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Countywide : Supervisors Revisit Anti-Fraud System

A new anti-fraud system that would use fingerprinting to discourage welfare “double-dippers” is again being reviewed by county officials, who said the high-tech safeguard could be in place within six months.

Sixteen months after the Board of Supervisors approved the system in concept, the panel will revisit the issue Tuesday when they consider a more detailed version of the $1.37-million plan.

By weeding out false claims among the more than 3,000 people who receive General Relief welfare payments each month in Orange County, the computerized system would save enough money to pay for itself in its first year of operation, county officials said. Within five years, the system will likely have saved more than $104,000 in losses.

“Even if a system like this would break even, cost-wise, it would be a worthwhile project from a public policy standpoint,” said Bob Griffith, chief deputy director of county social services. “It demonstrates to the public that we are safeguarding their money from cheats and scoundrels.”

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The system is intended to reduce bogus claims for General Relief, a “last-resort” program that assists mostly unmarried adults without children. Recipients get about $300 a month in payments from the program.

Once set up, the process would only add a few minutes to the visit of first-time recipients, Griffith said. Recipients would be asked to put their index finger on a glass pane above a electronic eye. The image of the print is scanned and logged by the computer, which in a matter of seconds can compare it the thousands of prints stored in a database.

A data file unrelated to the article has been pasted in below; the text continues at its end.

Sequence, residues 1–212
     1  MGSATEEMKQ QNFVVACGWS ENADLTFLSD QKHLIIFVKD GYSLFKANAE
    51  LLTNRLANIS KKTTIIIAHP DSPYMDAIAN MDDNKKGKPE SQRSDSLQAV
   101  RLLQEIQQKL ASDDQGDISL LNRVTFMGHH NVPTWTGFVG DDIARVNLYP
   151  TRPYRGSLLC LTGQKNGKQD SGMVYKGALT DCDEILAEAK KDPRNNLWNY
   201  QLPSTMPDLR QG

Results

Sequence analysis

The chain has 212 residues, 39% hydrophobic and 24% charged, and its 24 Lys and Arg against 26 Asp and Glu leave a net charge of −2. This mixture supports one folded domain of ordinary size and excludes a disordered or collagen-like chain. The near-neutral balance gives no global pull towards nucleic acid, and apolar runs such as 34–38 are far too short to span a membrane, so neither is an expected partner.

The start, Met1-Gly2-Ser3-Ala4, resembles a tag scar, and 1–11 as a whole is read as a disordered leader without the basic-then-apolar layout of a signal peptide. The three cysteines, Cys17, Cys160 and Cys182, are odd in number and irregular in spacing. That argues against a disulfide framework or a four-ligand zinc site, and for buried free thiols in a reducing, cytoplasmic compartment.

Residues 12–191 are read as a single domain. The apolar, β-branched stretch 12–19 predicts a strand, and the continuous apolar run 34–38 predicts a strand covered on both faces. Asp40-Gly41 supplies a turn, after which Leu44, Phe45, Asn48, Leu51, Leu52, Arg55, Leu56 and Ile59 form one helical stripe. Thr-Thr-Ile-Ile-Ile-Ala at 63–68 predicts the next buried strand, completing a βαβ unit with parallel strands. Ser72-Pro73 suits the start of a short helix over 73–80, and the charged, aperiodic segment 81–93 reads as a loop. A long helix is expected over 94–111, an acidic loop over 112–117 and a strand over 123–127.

Fingerprinting stations would be set up in the county’s Anaheim and Santa Ana offices. Griffith said the Orange County system will “piggyback” the identical, established system in Los Angeles, saving Orange County the cost of some setup.

The Los Angeles connection will also allow the two neighboring counties to dip into the same database of fingerprints. Employees in offices in either county will be able to detect “repeat customers” who travel over the county line in an attempt to scam money from the social program.

In Los Angeles County, the use of the fingerprinting system has saved the welfare program more than $12 million and has been considered “extremely successful” since installation in 1992, said Lisa Nunez, a Los Angeles County computer services chief. The Los Angeles General Relief program assists more than 100,000 people from 14 offices.


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